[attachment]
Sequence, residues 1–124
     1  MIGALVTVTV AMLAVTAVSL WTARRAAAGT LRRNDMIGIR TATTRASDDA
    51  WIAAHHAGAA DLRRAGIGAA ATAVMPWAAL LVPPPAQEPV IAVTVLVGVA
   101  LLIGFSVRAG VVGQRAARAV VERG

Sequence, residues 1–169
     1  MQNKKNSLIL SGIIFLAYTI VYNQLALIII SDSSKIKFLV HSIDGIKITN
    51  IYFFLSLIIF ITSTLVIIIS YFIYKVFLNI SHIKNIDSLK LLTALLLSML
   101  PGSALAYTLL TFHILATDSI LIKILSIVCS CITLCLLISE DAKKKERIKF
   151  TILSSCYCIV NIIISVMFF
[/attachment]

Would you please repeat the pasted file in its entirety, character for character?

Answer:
Sequence, residues 1–124
     1  MIGALVTVTV AMLAVTAVSL WTARRAAAGT LRRNDMIGIR TATTRASDDA
    51  WIAAHHAGAA DLRRAGIGAA ATAVMPWAAL LVPPPAQEPV IAVTVLVGVA
   101  LLIGFSVRAG VVGQRAARAV VERG

Sequence, residues 1–169
     1  MQNKKNSLIL SGIIFLAYTI VYNQLALIII SDSSKIKFLV HSIDGIKITN
    51  IYFFLSLIIF ITSTLVIIIS YFIYKVFLNI SHIKNIDSLK LLTALLLSML
   101  PGSALAYTLL TFHILATDSI LIKILSIVCS CITLCLLISE DAKKKERIKF
   151  TILSSCYCIV NIIISVMFF